Teams riding Bianchi:
Team Lotto NL – Jumbo
Bianchi’s latest TT bike has left no stone unturned in its quest for aerodynamic advantage, utilising ‘viscoelastic’ material which NASA have used. This reduces vibration to the rider, giving a more compliant ride, which will be great news given a TT bike’s usual harshness. There is nothing to disturb airflow, wires, fixers, screws and cables all hidden from sight. The rear triangle is tiny, with a partial cut out for the rear wheel, while the front triangle is huge giving it great aerodynamic profile minimising drag. A cover over the front forks and cockpit is a remarkable bit of engineering, seamless and imperceptible in its application.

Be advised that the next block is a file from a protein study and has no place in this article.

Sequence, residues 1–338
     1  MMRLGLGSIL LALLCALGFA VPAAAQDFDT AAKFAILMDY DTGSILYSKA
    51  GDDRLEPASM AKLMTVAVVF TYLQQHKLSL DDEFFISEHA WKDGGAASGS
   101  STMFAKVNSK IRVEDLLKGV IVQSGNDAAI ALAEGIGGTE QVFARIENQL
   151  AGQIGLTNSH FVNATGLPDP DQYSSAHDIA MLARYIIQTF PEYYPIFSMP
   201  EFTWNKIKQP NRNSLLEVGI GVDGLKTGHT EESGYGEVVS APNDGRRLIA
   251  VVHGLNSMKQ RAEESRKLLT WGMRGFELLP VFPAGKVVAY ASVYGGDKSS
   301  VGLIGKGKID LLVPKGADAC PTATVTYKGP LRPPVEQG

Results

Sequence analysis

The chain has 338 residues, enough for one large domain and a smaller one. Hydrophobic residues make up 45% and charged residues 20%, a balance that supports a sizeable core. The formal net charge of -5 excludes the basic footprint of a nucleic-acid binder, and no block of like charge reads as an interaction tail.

The Oltre XR2 is for extreme racing, Bianchi putting it in the ‘Hors Categorie’ of bikes. It is everything a superbike should be. The Oltre XR2 would be considered on the heavier side with the frame just under 900grams and the fork around the 350gram mark, but with its wide tube profiling, what it lacks in lightweight prowess it makes up for in stiffness. The downtube is huge and supports an equally sizeable bottom bracket, ensuring that there is no flex in the frame, and all the power is put onto the road.
The Bianchi Infinito CV stood up to the toughest test in last year’s Tour de France, Lars Boom riding it to victory across the cobbles on Stage 5. The frame is engineered with the countervail (CV) material also found on the TT Aquila making the ride more compliant, built for long hard days in the saddle. As with the Oltre, the downtube and bottom bracket are enormous, signalling that power transfer will be first class, whilst the seat stays and top tube are much thinner, offering up some vibration dampening in addition to the ‘CV’ material throughout the frame.
Thanks Graham Watson for the great images.